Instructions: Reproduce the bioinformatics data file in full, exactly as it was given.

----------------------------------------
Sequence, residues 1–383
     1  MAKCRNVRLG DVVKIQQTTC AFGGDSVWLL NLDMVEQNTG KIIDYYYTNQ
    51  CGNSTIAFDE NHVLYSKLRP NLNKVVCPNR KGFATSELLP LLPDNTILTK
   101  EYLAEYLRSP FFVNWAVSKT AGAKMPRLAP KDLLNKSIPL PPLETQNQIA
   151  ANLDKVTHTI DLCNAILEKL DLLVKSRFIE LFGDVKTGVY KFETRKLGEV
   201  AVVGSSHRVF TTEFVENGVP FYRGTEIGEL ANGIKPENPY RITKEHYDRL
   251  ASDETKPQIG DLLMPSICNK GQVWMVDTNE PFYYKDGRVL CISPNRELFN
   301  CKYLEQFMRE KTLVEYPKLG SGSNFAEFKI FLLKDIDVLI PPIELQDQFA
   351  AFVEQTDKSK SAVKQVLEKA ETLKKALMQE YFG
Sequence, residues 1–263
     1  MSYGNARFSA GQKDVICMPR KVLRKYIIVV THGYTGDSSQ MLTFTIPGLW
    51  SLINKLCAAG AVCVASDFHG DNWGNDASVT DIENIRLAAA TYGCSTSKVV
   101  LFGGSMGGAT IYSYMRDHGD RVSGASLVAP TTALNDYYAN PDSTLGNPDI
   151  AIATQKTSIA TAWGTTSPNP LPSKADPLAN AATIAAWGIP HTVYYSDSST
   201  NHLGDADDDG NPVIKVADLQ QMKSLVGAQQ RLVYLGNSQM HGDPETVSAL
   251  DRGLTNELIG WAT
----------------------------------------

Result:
Sequence, residues 1–383
     1  MAKCRNVRLG DVVKIQQTTC AFGGDSVWLL NLDMVEQNTG KIIDYYYTNQ
    51  CGNSTIAFDE NHVLYSKLRP NLNKVVCPNR KGFATSELLP LLPDNTILTK
   101  EYLAEYLRSP FFVNWAVSKT AGAKMPRLAP KDLLNKSIPL PPLETQNQIA
   151  ANLDKVTHTI DLCNAILEKL DLLVKSRFIE LFGDVKTGVY KFETRKLGEV
   201  AVVGSSHRVF TTEFVENGVP FYRGTEIGEL ANGIKPENPY RITKEHYDRL
   251  ASDETKPQIG DLLMPSICNK GQVWMVDTNE PFYYKDGRVL CISPNRELFN
   301  CKYLEQFMRE KTLVEYPKLG SGSNFAEFKI FLLKDIDVLI PPIELQDQFA
   351  AFVEQTDKSK SAVKQVLEKA ETLKKALMQE YFG
Sequence, residues 1–263
     1  MSYGNARFSA GQKDVICMPR KVLRKYIIVV THGYTGDSSQ MLTFTIPGLW
    51  SLINKLCAAG AVCVASDFHG DNWGNDASVT DIENIRLAAA TYGCSTSKVV
   101  LFGGSMGGAT IYSYMRDHGD RVSGASLVAP TTALNDYYAN PDSTLGNPDI
   151  AIATQKTSIA TAWGTTSPNP LPSKADPLAN AATIAAWGIP HTVYYSDSST
   201  NHLGDADDDG NPVIKVADLQ QMKSLVGAQQ RLVYLGNSQM HGDPETVSAL
   251  DRGLTNELIG WAT